2016 Volkswagen Passat
In his book Gracie: A Love Story, comedian George Burns told the story of the one time he cheated on his wife. He felt so guilty that he bought her a $10,000 diamond ring (this was the 1950s!) and a new silver centerpiece for the dining room table. Years later, he heard Gracie on the phone with her friend: “You know, I wish George would cheat again. I really need a new centerpiece.” Volkswagen is in a similar situation: Their cheating on diesel emissions has tarnished their reputation among American buyers. So how can VW win our confidence back? One way is by chopping the prices on their cars, including the Passat. This big 4-door sedan has always been a favorite family car of mine, and now it’s a better deal than ever.
In the interest of full disclosure, the Volkswagen Passat is an old family friend. Back in 2012, when the current version was introduced, Volkswagen loaned one to my family and me for a year-long test drive I was doing for another publication. We put 30,000 miles on the car and developed such a fondness for it that we seriously considered buying the Passat at the end of the loan. We ended up not doing that—there was another long-term tester waiting in the wings—but the Passat remains my personal benchmark for a family car, with emphasis on the family bit. The Passat proved roomy and reliable, and the hard-wearing interior held up surprisingly well to our active kids—and our active dog.
Photo by Volkswagen
The current version of the Passat was introduced in 2012, and unlike the previous model it was distinctly different from the Passat that Volkswagen offers in Europe. Volkswagen figured out that Americans like space, so they gave us a bigger car—and they also built a factory for it in Chattanooga, Tennessee, which today employs 3200 workers. I’ve always found Volkswagen quality to be hit or miss—it seems to vary from plant to plant—but the Tennessee-built cars seem to do pretty well. J.D. Power rates their reliability at “About Average,” and for Volkswagen, that ain’t bad. Volkswagen gave the Passat an update in 2016, though the car didn’t really change much: The front and rear styling are new, but you have to park the old and new versions side by side to tell the difference—and even then you might be scratching your head.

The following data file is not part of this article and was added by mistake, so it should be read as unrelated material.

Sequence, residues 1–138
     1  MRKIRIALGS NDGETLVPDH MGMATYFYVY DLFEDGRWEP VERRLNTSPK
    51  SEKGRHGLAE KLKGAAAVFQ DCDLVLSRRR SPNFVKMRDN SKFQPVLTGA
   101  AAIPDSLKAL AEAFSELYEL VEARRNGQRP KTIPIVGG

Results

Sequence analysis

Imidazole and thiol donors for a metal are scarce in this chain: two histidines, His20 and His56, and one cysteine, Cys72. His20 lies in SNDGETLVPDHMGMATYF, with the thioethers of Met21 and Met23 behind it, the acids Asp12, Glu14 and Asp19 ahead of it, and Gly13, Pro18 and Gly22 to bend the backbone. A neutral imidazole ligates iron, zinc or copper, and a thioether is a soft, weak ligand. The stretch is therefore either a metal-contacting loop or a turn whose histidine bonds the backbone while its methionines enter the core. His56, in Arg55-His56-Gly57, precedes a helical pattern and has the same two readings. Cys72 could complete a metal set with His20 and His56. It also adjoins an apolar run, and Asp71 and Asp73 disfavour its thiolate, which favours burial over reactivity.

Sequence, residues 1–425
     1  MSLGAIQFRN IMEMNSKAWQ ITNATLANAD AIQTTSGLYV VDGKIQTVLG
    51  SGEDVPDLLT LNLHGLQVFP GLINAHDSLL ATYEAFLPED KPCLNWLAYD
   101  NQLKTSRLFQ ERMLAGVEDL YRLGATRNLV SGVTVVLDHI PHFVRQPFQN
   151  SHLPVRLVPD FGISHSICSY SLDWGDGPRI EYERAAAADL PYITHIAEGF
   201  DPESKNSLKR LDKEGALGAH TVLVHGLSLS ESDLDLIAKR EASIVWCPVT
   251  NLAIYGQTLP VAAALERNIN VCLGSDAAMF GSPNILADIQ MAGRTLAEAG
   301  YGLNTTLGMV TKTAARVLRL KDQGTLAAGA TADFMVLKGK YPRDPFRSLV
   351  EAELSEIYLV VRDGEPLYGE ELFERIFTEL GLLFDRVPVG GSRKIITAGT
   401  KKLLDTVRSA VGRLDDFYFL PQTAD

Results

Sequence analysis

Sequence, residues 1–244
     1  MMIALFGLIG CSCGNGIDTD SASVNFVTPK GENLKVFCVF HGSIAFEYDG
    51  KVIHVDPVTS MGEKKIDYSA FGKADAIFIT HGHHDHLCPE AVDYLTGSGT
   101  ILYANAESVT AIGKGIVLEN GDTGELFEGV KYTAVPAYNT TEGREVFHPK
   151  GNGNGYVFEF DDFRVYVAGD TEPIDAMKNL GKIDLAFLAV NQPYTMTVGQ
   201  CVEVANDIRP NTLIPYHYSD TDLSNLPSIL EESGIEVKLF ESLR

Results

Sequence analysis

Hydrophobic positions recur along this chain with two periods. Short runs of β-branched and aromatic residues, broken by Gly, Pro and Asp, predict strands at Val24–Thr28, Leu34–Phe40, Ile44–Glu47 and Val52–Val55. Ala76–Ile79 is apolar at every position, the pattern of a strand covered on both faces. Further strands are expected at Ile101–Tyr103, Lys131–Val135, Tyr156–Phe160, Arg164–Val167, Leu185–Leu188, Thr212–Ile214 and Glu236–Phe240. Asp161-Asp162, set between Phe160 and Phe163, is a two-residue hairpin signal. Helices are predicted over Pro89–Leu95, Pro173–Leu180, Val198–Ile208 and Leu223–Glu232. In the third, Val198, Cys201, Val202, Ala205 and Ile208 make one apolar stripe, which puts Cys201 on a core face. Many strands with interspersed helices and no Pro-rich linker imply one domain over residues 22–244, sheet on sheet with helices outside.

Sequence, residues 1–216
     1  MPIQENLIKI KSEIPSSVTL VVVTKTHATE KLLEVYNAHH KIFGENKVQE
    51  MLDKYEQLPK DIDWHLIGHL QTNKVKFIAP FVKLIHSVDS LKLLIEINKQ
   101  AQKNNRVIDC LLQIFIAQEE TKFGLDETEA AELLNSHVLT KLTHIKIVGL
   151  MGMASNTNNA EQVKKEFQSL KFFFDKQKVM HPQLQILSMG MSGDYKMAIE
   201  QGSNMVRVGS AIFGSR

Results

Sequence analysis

For 2017, Volkswagen is adding lots of new standard equipment to the Passat without big changes in pricing (consider this part of their penance for the sins of Dieselgate). A forward-collision warning system with automatic braking is now standard on all Passats, and the mid-range R-Line and SE models get more standard equipment: R-Lines now feature an upgraded touchscreen stereo, heated front seats with power adjustment for the driver, and V-Tex upholstery (that’s VW’s version of fake leather, and I’m a fan; we had it on our long-term Passat, and it wears well and cleans easily). SE models get keyless ignition, and both R-Line and SE now have a blind-spot warning system. R-Line pricing is unchanged from last year, and if you get an SE model with the Technology Package, you’ll get additional equipment (nicer wheels, parking sensors, LED lights) and pay less than you would have for a comparably equipped 2016 model. One of my enduring complaints about Volkswagens is that the base models are cheap, but mid-line models get very pricey, so it’s good to see VW improving the value equation.
One thing that hasn’t changed much is the Passat’s interior. The design isn’t as jazzy as some of its competitors, but the control layout is simple and easy to learn; it’s all very logical, just as you’d expect from Germans (or Vulcans). Last year, Volkswagen (finally!) replaced its proprietary media port with a regular USB port, so you can now plug in your devices without having to buy a $50 adapter from the dealership. All 2017 Passats have a touchscreen stereo that is compatible with Android Auto, Apple CarPlay, and MirrorLink.